Polyphenols reducing the risk of cancer
All cells in living organisms contain genetic material or DNA (deoxyribonucleic acid), which controls all activities, growth, and reproduction of cells.
In the initiation stage of cancer, DNA is damaged or undergoes a change (mutation), which alters the functions of the cells it controls and may initiate their transformation into cancer cells.
However, in most cases, the altered cells merely die.
In some instances DNA damage causes the rapid growth and multiplication of cells, a process called cancer initiation. Further changes facilitate the initiated cell to become a cancerous tissue. These constitute the promotional and progressive stages of carcinogenesis.
Agents that cause mutations (damage DNA) are called mutagens, and those that cause cancers are called carcinogens. Although all mutations do not progress to cancer, any agent that can damage DNA is a potential carcinogen. Certain chemicals, radiation, smoke, and viruses act as carcinogens. Radiation, such as beta-rays produced in nuclear reactors, causes mutations.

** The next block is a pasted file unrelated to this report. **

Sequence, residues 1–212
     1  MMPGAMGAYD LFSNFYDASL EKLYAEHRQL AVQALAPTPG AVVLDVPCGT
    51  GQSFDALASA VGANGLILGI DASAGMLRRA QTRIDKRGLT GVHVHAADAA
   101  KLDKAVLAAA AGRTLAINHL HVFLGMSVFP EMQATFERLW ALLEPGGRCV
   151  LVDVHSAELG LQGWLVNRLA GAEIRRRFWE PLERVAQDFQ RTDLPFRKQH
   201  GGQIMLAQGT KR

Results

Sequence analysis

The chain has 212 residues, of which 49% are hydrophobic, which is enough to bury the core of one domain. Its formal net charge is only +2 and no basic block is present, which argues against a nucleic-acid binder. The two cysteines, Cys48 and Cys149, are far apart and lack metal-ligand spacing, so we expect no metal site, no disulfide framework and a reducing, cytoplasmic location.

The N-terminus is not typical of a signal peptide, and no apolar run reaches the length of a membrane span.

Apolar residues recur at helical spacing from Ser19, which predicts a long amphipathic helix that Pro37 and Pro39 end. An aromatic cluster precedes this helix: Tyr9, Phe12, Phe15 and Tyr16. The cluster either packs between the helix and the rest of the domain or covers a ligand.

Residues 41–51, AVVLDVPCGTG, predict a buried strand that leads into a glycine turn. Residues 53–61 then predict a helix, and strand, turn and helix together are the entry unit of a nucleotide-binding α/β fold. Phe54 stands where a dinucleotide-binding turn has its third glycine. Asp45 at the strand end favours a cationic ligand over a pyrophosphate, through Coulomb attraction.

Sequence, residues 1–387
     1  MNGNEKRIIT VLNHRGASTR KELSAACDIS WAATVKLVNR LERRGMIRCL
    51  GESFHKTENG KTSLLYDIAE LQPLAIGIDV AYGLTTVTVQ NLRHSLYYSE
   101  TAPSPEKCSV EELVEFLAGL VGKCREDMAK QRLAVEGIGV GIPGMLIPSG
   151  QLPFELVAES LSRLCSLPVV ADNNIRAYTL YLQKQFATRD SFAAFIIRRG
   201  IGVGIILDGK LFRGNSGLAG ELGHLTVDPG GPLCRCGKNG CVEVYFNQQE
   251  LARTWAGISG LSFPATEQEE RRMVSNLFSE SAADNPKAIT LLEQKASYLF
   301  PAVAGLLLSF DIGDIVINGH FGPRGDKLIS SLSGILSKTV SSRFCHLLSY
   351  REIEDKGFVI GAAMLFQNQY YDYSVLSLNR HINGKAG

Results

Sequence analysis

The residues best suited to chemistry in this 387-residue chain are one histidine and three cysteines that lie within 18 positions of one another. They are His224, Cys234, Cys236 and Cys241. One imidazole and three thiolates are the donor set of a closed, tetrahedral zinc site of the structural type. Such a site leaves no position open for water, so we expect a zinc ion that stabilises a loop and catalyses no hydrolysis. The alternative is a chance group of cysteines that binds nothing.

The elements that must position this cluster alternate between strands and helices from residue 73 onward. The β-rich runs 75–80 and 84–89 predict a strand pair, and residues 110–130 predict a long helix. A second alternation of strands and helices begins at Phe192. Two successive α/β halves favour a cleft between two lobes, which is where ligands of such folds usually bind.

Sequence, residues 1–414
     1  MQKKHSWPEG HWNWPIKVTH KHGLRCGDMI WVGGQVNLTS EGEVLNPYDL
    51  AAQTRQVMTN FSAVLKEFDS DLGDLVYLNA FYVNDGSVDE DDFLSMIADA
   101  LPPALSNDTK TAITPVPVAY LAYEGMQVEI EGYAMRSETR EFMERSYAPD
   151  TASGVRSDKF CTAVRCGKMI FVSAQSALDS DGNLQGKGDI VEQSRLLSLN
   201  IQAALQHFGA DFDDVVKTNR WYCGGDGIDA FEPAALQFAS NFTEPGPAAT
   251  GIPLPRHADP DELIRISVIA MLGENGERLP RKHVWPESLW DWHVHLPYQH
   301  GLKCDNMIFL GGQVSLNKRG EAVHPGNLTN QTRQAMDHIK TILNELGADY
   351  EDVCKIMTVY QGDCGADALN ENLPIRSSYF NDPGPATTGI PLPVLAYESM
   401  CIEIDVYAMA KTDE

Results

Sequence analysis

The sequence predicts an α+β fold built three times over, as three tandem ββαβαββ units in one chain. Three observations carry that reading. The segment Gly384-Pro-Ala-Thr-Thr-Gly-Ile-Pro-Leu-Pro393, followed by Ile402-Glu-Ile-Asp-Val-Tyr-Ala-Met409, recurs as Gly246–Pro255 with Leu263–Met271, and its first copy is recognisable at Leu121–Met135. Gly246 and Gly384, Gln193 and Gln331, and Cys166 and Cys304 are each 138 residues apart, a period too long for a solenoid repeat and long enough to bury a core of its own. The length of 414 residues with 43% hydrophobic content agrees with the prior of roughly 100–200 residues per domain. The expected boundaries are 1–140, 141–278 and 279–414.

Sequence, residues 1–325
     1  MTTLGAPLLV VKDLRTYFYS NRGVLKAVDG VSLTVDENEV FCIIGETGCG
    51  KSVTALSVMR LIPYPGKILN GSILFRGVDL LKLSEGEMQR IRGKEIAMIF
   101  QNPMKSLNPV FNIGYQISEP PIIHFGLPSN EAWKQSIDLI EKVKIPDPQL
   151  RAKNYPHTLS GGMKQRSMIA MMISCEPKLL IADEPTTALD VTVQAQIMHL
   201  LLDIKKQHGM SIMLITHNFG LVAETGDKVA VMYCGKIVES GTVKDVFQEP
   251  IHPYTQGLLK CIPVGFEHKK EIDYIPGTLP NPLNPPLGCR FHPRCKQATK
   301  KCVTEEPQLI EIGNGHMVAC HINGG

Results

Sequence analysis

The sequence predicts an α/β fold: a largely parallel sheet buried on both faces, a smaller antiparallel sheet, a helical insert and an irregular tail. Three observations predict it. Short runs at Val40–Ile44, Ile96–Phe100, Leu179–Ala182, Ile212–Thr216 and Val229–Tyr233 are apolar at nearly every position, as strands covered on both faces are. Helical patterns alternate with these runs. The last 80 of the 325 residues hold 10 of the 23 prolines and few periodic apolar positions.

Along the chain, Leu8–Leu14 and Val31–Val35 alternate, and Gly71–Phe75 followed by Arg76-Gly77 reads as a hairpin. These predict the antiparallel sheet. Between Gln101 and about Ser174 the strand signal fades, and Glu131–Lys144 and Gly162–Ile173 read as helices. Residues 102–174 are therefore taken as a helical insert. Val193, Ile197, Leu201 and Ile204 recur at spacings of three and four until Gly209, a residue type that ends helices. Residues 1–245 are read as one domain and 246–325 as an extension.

Ultraviolet (UV) radiation is a major cause of skin cancer. Smoking has been for a long time a well-established cause of human carcinogenesis.
Scientific investigations have shown that tea polyphenols could directly react and neutralize chemical carcinogens, reducing the risk of cancer.
Our body itself has enzyme systems (mainly in the liver) that act to detoxify toxic and carcinogenic agents which enter the body. Research has found that tea increases the activity of these detoxifying enzymes.
Chemical carcinogens and radiation also could produce free radicals and reactive oxygen species, which could damage the DNA, leading to carcinogenesis.
Therefore, antioxidants in tea could act to reduce the risk of cancer.
Furthermore, population studies have shown the anti-cancer properties of tea.